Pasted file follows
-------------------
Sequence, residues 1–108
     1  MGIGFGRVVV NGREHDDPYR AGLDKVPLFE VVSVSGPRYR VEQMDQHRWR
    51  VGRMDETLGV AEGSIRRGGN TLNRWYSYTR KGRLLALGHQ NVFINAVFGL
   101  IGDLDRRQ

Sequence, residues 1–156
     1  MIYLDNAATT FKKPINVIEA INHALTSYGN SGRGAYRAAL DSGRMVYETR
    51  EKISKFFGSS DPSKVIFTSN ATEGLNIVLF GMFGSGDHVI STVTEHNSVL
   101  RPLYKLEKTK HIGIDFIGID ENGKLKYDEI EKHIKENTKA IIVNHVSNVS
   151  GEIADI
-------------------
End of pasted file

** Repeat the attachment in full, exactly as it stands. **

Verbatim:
Sequence, residues 1–108
     1  MGIGFGRVVV NGREHDDPYR AGLDKVPLFE VVSVSGPRYR VEQMDQHRWR
    51  VGRMDETLGV AEGSIRRGGN TLNRWYSYTR KGRLLALGHQ NVFINAVFGL
   101  IGDLDRRQ

Sequence, residues 1–156
     1  MIYLDNAATT FKKPINVIEA INHALTSYGN SGRGAYRAAL DSGRMVYETR
    51  EKISKFFGSS DPSKVIFTSN ATEGLNIVLF GMFGSGDHVI STVTEHNSVL
   101  RPLYKLEKTK HIGIDFIGID ENGKLKYDEI EKHIKENTKA IIVNHVSNVS
   151  GEIADI